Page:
Tetiana Bohuslavska – the second artist-in-residence within the Thinking Through the Museum program
Tetiana Bohuslavska is the second artist-in-residence within the Thinking Through the Museum (TTTM) program. The residency’s special edition is addressed to Ukrainian artists and was programmed by the National Heritage & Traumatic Memory research cluster in response to the war in Ukraine. In Poland, the artist’s hosts are POLIN Museum of the History of Polish Jews and Powszechny Theatre in Warsaw, and FestivALT in Kraków.
Tetiana Bohuslavska is an artist and poet born in 1990 in Kyiv. She graduated in psychology at the Dragomanov State Pedagogical University. She works in the areas of photography, video, performance, painting, instalation and mixed media. Her projects deal with feminist issues, psychological well-being including war-inflicted trauma, and ecology.
Tetiana developed several projects devoted to psychological health and social stigma, touching upon the issues related to the body and to feminism. These are photographic series "Hers" (2016-2017), "Melancholy" (2016-2018, includes also video-performance), "How to cope with internal pain when you’re alone" (2018) which were shown at exhibitions and video art festivals in Istanbul, London, Carlisle, Berlin, Athens, Thessaloniki and Kyiv (the last one as a personal exhibition).
In 2019, Tetiana began working on an art project dealing with war trauma titled "For Healing", due to the Russian invasion on Ukraine (since 2014). The project involves theoretical studies on psychological trauma and healing, with the premise that it is requisite for a society to talk about these subjects through various forms of art. The artist uses painting, installation and performance. In 2021, she was a participant in the "Postcolonial/Decolonial Feminism and Arts" workshop and seminar program organized by Room to Bloom, a feminist platform for ecological and postcolonial European narratives.
With the new phase of the war, a full-scale Russian invasion on Ukraine affecting all spheres of life—mental, physical, people of different generations, the environment—the scale of losses is already enormous. By asking herself how she could be useful as a person and as an artist, Tetiana made a series of works which related to this catastrophe, with the intention of working with her own emotions and inviting others so that those who felt the need for it were able to meet them, too. The works were made during a supportive residency for Ukrainian artists in Ostromecko by the Municipal Cultural Centre in Bydgoszcz and in cooperation with BWA—Municipal Art Gallery in Bydgoszcz. The project was exhibited under the title "I Need Time and Space to Cry" at the BWA.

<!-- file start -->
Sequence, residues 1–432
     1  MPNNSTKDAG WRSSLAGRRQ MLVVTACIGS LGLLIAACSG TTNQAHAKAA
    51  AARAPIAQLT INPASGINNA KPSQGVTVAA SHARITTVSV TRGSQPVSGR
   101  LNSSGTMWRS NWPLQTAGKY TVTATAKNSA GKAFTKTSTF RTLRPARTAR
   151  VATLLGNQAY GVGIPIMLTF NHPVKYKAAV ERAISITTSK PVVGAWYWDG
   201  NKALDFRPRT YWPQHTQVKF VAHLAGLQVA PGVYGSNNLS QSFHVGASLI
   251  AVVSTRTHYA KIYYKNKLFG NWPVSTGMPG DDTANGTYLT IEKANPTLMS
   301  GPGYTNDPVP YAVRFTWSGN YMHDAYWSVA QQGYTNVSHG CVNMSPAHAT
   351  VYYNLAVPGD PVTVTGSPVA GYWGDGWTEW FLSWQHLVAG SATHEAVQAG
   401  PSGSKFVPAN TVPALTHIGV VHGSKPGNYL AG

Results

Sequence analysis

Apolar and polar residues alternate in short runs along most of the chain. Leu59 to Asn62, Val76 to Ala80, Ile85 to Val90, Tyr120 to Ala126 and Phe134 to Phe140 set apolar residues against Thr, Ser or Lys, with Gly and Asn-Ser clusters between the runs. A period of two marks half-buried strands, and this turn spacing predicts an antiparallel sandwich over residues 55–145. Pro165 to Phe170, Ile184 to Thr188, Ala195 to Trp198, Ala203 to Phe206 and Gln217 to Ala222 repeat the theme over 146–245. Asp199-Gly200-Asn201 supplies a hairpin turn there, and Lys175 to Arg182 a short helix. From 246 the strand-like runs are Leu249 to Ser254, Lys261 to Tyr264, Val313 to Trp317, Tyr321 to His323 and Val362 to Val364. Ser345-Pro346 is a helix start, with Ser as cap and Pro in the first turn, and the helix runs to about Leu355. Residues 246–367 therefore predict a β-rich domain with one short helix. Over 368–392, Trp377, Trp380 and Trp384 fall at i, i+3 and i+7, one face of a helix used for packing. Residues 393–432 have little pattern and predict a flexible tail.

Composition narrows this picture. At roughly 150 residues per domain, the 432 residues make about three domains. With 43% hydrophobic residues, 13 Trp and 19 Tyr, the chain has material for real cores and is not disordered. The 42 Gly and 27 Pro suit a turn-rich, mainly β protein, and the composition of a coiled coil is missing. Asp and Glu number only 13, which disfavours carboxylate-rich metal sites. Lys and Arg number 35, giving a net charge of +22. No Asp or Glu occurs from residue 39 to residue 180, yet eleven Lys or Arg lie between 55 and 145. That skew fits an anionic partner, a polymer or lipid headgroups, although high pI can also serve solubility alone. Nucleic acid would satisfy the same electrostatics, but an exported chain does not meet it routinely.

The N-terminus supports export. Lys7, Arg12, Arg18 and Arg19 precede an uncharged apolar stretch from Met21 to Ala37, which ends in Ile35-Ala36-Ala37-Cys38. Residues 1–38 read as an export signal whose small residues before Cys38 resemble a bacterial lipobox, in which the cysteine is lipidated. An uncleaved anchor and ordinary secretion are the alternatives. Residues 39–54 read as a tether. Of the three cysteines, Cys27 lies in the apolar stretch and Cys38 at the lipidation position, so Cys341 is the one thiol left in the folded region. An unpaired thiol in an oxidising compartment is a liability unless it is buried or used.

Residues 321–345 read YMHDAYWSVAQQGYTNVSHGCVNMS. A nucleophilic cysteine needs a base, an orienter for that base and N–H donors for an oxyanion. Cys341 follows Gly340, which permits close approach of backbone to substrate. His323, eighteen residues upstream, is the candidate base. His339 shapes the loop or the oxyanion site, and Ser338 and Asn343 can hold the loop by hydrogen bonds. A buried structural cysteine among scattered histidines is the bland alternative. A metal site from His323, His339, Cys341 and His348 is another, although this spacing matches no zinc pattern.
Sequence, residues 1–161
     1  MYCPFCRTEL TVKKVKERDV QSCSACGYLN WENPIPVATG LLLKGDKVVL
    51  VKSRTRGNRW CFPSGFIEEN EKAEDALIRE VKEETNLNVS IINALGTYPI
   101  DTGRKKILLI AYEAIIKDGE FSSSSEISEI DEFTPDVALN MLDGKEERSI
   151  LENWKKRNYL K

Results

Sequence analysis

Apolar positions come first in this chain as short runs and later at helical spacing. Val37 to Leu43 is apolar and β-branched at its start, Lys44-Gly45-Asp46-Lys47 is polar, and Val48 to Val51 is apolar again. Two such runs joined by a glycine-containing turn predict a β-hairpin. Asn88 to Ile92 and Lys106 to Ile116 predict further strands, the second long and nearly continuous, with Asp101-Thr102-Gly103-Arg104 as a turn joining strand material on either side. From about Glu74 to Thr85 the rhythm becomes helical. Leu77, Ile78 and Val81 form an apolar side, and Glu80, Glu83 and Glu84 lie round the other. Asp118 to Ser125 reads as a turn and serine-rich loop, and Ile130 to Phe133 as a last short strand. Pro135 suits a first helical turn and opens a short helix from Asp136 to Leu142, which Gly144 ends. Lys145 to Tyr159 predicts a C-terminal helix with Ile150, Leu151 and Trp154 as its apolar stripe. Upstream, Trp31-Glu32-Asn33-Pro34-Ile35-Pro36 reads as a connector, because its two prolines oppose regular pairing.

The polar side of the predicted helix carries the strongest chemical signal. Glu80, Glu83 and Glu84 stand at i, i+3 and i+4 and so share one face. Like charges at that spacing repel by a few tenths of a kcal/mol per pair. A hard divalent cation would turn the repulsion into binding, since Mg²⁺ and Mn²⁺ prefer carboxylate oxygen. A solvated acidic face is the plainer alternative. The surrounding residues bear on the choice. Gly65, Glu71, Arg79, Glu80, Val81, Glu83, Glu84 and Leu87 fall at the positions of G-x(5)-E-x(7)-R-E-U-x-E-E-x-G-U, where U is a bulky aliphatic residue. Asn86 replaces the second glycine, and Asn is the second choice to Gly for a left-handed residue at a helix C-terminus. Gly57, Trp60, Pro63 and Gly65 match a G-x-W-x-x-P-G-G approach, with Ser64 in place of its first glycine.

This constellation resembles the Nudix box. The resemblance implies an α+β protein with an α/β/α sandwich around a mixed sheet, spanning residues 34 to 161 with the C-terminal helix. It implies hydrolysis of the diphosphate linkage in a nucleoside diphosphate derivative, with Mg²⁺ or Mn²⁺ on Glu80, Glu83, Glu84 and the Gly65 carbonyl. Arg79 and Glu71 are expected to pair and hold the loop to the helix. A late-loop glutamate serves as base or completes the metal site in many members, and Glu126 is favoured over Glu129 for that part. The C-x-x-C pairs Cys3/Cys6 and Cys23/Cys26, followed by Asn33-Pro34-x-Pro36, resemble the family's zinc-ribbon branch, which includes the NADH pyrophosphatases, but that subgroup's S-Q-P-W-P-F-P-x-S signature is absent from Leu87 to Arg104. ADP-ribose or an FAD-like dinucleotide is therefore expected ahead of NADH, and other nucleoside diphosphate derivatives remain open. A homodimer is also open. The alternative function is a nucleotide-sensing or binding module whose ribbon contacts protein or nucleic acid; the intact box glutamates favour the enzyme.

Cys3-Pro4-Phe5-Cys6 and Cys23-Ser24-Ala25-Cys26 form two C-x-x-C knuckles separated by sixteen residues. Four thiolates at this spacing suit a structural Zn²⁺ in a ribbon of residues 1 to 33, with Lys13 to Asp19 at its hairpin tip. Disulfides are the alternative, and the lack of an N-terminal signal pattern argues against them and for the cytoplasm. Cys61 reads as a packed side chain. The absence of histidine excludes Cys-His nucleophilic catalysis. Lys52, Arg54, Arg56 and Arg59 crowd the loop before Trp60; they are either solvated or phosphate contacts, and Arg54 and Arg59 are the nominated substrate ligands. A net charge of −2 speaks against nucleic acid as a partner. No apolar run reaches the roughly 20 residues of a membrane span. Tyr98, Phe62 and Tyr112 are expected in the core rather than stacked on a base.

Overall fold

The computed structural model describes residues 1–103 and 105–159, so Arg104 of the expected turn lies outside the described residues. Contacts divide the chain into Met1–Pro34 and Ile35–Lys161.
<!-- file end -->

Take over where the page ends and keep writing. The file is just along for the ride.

During the TTTM residency, the artist plans to focus on working with the theme of trauma and memory, creating artworks that include a therapeutic aspect, open to the viewers and inviting them to interact. Tetiana will work with sculpture and flexible materials, highlighting the transformative power of art. She also intends to continue her work on solidarity, as she considers the preservation of the memory of different forms of solidarity and support to be an essential part of the healing process for now and for the future. She also plans to develop further her work on commemorating the victims of war.
The artist wishes to work on these topics and implement them in relation to the wartime catastrophes of the past, exploring institutional resources, museum archives, collections and sites. She intends to work with selected texts by Deborah Vogel, Zygmunt Bauman and Bruno Schulz. She says:
"When I learned about their life stories and works (theirs, and many others, including Hannah Arendt, Walter Benjamin, Paul Celan), I wanted to believe that a calamity such as the Holocaust could not happen in the twenty-first century—that it was a thing of the past. Now I return to these voices when the war is raging, as the voices of the outstanding actors of culture, philosophers—voices that inspire in the dark times. From the beginning of a full-scale war with Russia, it became necessary to find a name for the enemy. Modern Russians are not the same as the fascist and Nazis of the last century. Although as far as brutality is concerned, Russians have a lot in common with the Nazis. It's widespread now to call the Russians ‘Russists’, and an ideology of conquering other countries and their peoples at any price, imposing their governing system, and language is referred to as ‘Russism'. Ukraine is fighting for its freedom and independence, preserving Ukrainian culture and protecting values of life, freedom, dignity, and human rights."
The Thinking Through the Museum project brings together international scholars, students, museum professionals, and community representatives from 20 museums, universities, and NGOs in Canada, the Netherlands, Poland, South Africa, and the USA. The team works in and beyond museum settings to co-produce exhibitions and design tools, and to explore alternative forms of heritage mobilization where communities can set their own agendas.
The National Heritage & Traumatic Memory cluster explores how arts-based practices can help circumvent institutional constraints and engage communities via non-traditional sites and performative modes of display and participation. Working primarily in Poland, NHTM considers how histories of colonialism, the Holocaust, and communism meet, and develops forms of reflection, redress, and repair to address this geographical region’s violently-lost historical diversity. NHTM develops context-sensitive concepts and tools to expand critical museology’s Western-centrism, and collaborates across clusters to develop minority artist residencies, inter alia to engage Poland’s Jewish, Roma, Ukrainian, Vietnamese, African-diaspora, LGBTQ+ and refugee communities.